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The Benefits of Blended Learning – For Your Team and Your Budget

Blended_learning

Ever wondered about the benefits of blended learning for your team or organisation? Perhaps you’ve heard the term, but you’re unsure of what it means or looks like in practice?

Well, in this blog post we look at how blended learning could improve your team’s performance, as well as their enjoyment of/participation in their continued professional development (CPD).

What is blended learning?

Put simply, blended learning mixes more traditional, offline face-to-face training, mentoring and coaching, with online opportunities to study, game and chat. To find out more, read about Laughology’s Big Chats, Little Chats coaching programme for O2.

With budgets in many sectors increasingly squeezed and technology developing at a rate of knots, businesses and organisations are reviewing their CPD offers and turning to a blended learning approach.

Why is blended learning important to consider?

I recently heard a group of people chatting about a computer-based training task, which their boss had asked them to complete. In fact, that’s not what they were talking about at all. They were comparing the amount they had paid their teenagers to do the online training for them – a tenner is roughly the going rate, in case you’re interested!

Upon a little more investigation, it turned out that there was a host of different reasons for people passing the task on and not doing it themselves. These included:

  • No enjoyment of online learning
  • A lack of time (or feeling that they’d have to do this at home)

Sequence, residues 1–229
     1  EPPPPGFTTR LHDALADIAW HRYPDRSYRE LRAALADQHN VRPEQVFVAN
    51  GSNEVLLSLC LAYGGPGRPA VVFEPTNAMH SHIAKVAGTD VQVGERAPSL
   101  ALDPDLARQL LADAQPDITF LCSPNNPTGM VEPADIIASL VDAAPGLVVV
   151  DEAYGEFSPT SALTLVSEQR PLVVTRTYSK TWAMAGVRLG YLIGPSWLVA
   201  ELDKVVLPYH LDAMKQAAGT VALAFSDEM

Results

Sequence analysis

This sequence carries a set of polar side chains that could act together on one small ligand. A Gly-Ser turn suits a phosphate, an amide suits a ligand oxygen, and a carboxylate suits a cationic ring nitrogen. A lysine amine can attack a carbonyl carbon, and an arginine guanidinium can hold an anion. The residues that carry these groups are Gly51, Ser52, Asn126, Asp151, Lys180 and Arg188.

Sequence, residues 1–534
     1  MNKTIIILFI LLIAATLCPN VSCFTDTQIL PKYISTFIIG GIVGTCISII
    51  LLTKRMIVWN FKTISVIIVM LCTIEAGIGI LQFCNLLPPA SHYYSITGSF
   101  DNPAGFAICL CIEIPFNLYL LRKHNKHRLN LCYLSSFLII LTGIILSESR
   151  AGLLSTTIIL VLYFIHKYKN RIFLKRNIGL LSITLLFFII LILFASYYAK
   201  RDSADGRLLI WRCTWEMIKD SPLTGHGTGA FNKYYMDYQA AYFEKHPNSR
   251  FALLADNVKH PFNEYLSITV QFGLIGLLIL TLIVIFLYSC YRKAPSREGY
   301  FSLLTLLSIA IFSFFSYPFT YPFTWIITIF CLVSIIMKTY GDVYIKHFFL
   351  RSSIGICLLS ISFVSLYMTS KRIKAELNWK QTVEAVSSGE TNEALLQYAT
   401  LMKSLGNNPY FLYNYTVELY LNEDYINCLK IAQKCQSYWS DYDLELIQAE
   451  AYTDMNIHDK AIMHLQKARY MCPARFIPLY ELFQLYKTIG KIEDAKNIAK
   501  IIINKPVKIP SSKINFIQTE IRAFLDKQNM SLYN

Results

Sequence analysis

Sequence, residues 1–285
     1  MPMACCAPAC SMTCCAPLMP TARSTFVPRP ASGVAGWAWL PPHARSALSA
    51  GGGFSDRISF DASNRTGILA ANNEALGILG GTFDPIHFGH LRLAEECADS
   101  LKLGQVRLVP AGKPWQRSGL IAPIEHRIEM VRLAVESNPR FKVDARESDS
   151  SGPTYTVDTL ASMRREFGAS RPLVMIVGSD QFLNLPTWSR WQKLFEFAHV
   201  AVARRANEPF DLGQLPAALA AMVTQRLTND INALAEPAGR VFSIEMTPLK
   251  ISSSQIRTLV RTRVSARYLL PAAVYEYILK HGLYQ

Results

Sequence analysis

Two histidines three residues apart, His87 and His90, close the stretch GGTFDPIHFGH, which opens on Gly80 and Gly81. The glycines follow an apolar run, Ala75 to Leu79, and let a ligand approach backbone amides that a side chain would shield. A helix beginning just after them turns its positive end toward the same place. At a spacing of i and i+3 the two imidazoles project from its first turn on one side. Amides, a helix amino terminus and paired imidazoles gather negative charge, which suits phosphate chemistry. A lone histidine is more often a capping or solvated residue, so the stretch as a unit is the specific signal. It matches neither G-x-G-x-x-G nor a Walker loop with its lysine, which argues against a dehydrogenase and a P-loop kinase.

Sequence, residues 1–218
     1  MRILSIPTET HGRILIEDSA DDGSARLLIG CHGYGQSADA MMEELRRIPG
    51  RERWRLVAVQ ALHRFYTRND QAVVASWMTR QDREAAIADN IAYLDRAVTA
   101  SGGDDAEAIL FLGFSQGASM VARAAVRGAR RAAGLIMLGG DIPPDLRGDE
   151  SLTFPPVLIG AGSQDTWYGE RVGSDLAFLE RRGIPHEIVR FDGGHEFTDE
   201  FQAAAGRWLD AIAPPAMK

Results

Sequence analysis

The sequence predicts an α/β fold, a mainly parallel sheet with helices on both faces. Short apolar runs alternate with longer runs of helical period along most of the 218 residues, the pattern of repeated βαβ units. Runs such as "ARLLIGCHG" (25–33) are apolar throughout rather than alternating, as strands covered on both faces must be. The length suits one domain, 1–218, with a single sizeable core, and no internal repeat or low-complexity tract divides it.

• Avoiding repetition of training they’d already done
  • No need for this particular training
  • Because they could... naughty!

Whatever the case, there’s clearly a flaw in the system. Several folks are also out of pocket. Not only have the parents coughed up, but the computer programme, bought by the company, hasn’t provided good value for money on this occasion.

What are the pros of blended learning?

Human connection

Face-to-face training remains one of the most successful ways to develop people – as long as the facilitator is engaging, and the content is relevant. We know that face-to-face training:

  • Enables us to have a laugh with others, helping us to remember any new learning.
  • Encourages us to take time out (away from our desks), connect with others and build even better working relationships with colleagues.
  • Helps us to gain a greater understanding of new strategies, applying them to our own situation and asking questions in the here and now.

Classroom-based learning isn’t the only face-to-face training opportunity. Do you enjoy learning from others? Shadowing a colleague can be really beneficial. Are you seeking more solution-focussed team members? A mentor or coach can facilitate deeper thinking. Conversations can take place in the same room or online. The only cost is time.

Delivery that’s fit for purpose

Sometimes, a face-to-face training session isn’t the best form of delivery, particularly if the content is knowledge-based. In a previous role, I attended statutory ‘Health and Safety’ and ‘Safer Recruitment and Retention’ training. Personally, an online programme would have been better. And yes, I promise I would have done it myself – and not just because I have no teenage kids to share the load with!